But Mr. Curry’s concerns focused on the risks auto loans may pose to banks’ safety and soundness. Lower-level OCC officials have previously raised similar concerns.
Auto lending has been increasing in recent years amid historically low interest rates, cheap gas and stronger consumer demand. Auto loans also performed relatively well during the financial crisis, which market watchers have interpreted as a sign that the loans are safe because even cash-strapped households must pay for transportation.
Auto lenders also have an easier time collecting collateral on a delinquent auto loan—by repossessing the car—than they do foreclosing on a house covered by a bad mortgage.
Those factors have emboldened banks and other financial firms to offer relatively attractive terms even to borrowers with low credit scores. In the second quarter of 2015, auto debt owed by U.S. households rose above $1 trillion for the first time, up more than 10% from a year earlier.
Mr. Curry said auto lending at banks supervised by the comptroller’s office, which includes most of the largest banks in the U.S., accounted for more than 10% of retail lending during the second quarter, up from 7% four years earlier. Banks are increasingly moving these loans into securities, rather than holding them in a portfolio, he said, similar to the way mortgages were packaged and sold to investors ahead of the financial crisis.
Through early September, Wall Street firms issued nearly $70 billion in securities backed by auto loans, up 9% from the same period a year ago, according to J.P. Morgan. About $21 billion of those were backed by subprime loans to relatively risky borrowers.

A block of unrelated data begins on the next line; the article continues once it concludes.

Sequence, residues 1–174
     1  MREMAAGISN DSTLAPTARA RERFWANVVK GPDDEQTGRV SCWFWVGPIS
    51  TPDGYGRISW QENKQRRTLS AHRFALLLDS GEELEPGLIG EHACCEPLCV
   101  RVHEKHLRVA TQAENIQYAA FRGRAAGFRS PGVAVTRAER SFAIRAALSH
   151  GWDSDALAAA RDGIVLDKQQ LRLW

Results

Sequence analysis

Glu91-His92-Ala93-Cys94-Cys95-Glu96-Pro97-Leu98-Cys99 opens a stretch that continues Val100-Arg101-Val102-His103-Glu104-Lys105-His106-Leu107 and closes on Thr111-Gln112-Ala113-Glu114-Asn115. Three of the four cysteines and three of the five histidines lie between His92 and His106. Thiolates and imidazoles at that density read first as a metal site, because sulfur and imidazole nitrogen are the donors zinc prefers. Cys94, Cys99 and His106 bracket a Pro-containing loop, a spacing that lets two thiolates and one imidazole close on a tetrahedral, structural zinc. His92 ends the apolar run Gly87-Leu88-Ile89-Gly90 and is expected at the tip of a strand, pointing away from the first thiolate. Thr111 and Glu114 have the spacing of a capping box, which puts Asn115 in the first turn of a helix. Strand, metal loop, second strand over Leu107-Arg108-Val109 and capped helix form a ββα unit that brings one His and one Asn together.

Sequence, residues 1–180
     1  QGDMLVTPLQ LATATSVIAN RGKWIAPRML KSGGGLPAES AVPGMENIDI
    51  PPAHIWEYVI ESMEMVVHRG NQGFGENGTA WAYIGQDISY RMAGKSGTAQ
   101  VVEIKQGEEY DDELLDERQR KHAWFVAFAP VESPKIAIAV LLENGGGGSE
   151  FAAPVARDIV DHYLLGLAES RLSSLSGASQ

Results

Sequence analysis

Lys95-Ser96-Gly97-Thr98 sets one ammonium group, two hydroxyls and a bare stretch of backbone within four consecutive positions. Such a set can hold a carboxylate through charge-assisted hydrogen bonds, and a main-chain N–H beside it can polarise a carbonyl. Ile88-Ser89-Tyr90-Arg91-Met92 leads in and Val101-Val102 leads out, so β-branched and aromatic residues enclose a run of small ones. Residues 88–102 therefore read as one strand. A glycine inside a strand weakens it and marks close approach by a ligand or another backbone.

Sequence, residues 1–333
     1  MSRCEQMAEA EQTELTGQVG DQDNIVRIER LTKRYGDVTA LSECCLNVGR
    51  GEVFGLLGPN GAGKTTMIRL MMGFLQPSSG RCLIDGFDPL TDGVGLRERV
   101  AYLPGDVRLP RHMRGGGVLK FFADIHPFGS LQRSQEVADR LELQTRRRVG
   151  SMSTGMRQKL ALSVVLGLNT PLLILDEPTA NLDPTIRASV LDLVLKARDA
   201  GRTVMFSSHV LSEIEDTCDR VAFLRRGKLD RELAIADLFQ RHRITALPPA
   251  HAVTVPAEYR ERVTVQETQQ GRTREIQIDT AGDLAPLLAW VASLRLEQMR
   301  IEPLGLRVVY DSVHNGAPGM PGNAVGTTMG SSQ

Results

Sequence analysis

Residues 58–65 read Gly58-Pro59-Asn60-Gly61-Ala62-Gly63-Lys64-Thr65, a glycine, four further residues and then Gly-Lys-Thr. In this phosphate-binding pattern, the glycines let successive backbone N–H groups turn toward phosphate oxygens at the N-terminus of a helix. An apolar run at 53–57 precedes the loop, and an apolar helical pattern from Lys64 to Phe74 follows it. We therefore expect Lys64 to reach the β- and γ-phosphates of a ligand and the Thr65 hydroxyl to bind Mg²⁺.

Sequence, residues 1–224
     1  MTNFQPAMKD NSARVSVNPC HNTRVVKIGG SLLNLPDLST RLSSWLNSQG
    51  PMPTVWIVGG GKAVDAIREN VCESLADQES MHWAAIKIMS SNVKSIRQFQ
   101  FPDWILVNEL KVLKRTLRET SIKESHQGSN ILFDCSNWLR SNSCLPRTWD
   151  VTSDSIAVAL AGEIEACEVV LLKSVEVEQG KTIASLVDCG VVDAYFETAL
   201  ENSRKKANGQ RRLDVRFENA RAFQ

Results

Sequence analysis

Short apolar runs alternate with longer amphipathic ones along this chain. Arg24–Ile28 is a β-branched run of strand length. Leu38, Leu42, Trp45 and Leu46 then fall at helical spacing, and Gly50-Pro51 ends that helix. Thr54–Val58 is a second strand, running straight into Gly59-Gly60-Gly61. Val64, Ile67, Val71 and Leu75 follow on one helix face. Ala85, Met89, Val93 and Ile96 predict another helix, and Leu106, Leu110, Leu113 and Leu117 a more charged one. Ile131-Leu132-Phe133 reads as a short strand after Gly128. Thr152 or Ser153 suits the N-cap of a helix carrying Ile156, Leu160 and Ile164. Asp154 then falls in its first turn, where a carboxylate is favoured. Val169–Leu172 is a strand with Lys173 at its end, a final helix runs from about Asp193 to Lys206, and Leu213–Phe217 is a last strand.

Subprime car-loan originations have taken off in recent years as lenders have loosened underwriting criteria in this sector, allowing for borrowers with low, and often no, credit scores to get access to financing. During the first half of 2015, lenders gave out $56.4 billion in subprime auto loans, up 13% from the same period a year ago and up 181% from the first half of 2009, when the market for these loans bottomed out, according to credit-reporting firm Equifax Inc.
Subprime car loans account for 20% of the car-loan dollars given out from January through June, the highest share for the period since 2008, according to Equifax.
Count us among those who doubt if very much will come of this very "serious" inquiry. After all, auto loans and student debt have served as the lone bright spot for the US "recovery", as every American with a pulse can now get themselves into a used car (even if it means taking out a loan with a term of 84 months) and every college student in the country can borrow from the taxpayer government not only to pay for tuition, but to fork over exorbitant monthly rents to the landlord, and to finance an iPhone 6S, an iPad Pro, and an Apple pencil, because let's face it, no one slums it in college anymore.
So lest the entire "recovery" illusion should suddenly be shattered by a regulator erroneously seeking to do his job, Mr. Curry may want to just back off and let the originate to sell model work its magic (just forget the fact that this will unquestionably end in tears)- the fate of the US economy might just depend on it.